But I'd give the same general advice to any new-ish adult volunteer who asked this question. Is it worth it? Absolutely. Is now the right time? It depends on what you want to get out of it, what you plan to do with it, and whether you have the time and resources to commit to it now and in the near future (over a few years, not months).



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If you think your ready go for it.




I know that even if I were to leave scouting i would still use my wb skills. I used them a lot as an intake specialist in the Maine DOC. By understanding all the communication styles and storming, forming, norming performing and snoring business, i was better able to detect when trouble was brewing in the pod.


I also know that I tend to use it in my new job, just at different levels.

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My Council has had some young Wood Badgers as well. I took it when I was 26 and a 20 year old was there at the same time. A couple years later, we had a 18 or 19 year old do it who had served on Youth Staff in prior years. I'd say go ahead and take it if you want to. You'll learn something. It's also similar to the OA's National Leadership Seminar. If you've taken that, you'll see some of the same content used.

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My answer to your question is, "it depends".


It depends on your level of maturity. You will most likely be in a patrol with people your parent's age. You will have to work as a team with these scouters. You will have the most current view of scouting from having just been a youth. This is your advantage over them. Their advantage over you would be their age and experience as adult leaders.


It also depends on the support you will need from your troop. You will write your ticket based on your current position in scouting, Assistant Scoutmaster. To accomplish your ticket, you will need the cooperation of the leaders in your troop, both adult and youth. Talk to the Scoutmaster and SPL before you attend Wood Badge and get their commitment. Also, see if the Troop would be willing to pay for all or half of your course fee.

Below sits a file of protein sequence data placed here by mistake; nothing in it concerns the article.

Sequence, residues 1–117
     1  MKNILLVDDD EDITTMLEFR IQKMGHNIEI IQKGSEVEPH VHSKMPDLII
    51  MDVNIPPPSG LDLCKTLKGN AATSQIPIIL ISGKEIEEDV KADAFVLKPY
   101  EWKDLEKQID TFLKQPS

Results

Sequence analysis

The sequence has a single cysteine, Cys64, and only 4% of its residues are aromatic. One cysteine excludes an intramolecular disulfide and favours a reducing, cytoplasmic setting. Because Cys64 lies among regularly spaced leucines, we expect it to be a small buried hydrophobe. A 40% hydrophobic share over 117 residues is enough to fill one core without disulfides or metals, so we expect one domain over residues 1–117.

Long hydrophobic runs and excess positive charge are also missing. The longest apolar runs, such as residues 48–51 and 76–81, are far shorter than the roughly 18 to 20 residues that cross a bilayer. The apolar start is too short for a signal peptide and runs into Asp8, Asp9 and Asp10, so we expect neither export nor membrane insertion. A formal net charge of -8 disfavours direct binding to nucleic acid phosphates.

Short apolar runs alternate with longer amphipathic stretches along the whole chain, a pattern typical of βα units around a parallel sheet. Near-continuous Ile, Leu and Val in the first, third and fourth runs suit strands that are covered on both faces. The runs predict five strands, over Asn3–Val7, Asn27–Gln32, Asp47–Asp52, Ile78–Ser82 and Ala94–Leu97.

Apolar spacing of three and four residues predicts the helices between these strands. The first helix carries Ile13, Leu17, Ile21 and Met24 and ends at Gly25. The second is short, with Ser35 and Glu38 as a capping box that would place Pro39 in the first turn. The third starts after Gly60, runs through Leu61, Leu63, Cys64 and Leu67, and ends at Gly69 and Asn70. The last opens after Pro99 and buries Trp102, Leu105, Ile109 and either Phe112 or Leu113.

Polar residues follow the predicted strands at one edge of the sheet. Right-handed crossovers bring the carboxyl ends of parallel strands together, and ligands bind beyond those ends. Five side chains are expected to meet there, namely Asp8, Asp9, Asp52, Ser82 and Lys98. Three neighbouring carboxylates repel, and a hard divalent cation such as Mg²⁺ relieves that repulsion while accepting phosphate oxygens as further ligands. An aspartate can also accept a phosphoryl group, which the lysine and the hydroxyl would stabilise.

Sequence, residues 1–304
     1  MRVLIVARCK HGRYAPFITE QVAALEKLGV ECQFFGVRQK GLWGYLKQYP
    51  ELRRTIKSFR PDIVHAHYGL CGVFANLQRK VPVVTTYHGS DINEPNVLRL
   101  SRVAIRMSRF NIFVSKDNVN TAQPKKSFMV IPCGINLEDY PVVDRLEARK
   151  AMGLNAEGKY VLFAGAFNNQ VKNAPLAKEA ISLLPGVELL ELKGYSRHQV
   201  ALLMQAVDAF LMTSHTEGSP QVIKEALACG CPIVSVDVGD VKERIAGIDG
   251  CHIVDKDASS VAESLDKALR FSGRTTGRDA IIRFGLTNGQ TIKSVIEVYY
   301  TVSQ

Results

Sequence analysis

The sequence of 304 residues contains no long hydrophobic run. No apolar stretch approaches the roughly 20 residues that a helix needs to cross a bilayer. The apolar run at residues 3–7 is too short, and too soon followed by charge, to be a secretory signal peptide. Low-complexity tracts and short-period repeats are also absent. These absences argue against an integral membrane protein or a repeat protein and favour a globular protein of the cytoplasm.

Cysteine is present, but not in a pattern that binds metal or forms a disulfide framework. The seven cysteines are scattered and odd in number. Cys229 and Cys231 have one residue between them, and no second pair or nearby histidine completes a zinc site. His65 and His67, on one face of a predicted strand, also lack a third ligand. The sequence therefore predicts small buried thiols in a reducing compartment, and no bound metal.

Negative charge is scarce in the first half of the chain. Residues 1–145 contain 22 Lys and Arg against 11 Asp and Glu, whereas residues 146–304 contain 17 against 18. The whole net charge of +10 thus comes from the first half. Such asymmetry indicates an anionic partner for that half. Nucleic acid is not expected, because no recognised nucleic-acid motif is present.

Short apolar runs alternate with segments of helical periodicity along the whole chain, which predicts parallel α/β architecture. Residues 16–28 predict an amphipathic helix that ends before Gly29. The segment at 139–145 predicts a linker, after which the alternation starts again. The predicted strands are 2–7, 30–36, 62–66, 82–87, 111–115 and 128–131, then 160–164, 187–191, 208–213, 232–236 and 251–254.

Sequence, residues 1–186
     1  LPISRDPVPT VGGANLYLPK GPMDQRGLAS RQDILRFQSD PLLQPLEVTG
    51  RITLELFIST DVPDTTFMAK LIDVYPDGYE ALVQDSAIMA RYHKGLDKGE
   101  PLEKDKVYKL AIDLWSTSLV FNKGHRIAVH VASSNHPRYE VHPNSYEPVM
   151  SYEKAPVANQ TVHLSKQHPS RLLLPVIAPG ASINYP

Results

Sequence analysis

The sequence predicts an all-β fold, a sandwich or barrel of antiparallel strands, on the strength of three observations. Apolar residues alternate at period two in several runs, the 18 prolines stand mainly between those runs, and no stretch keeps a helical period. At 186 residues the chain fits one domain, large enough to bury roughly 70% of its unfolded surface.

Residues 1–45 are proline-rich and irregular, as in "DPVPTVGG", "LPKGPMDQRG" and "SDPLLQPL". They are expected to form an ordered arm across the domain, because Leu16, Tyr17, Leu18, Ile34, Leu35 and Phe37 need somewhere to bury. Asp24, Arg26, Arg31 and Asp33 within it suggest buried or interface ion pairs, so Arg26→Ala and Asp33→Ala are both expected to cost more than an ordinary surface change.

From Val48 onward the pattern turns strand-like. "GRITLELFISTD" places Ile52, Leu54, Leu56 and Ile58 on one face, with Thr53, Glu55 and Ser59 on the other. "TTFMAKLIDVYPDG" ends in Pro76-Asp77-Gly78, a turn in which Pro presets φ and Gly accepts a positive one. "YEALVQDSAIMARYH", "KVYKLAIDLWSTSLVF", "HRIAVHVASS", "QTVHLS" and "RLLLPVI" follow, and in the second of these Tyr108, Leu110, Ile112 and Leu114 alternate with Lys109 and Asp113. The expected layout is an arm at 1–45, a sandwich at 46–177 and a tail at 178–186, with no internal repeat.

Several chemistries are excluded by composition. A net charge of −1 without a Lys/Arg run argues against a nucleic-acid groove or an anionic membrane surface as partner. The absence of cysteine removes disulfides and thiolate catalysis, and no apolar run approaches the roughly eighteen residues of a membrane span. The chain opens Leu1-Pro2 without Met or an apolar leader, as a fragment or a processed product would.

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You are never too young to seek more knowledge when it comes to be a leader in the scouting program. In the course that I just finished back in October we had a young man that was your age and he was seeking to be a better leader. He took the course and had a great time. One thing that you need to look at is that if you do take the course you need to go into it with an open mind and be willing to learn.


To answer your question you are never too young to take Wood Badge as long as you have completed the training requirements for your leadership position.

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Someone coming back on a woodbadge high with grand plans to for everything can be a pain. A first year ASM coming back trying to force the troop to fit his ticket would push me right over the edge. take a few years to find your place first.

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building on what AvidSM said, I would also say 'it depends'.


An issue I've seen with some young scouters who were previous scouts (especially those who are Eagle Scouts and were very active) is their attitude. Since they have earned Eagle, and usually already attending programs like NLS, NYLT and the like, they take the view that their is nothing that WB can teach them.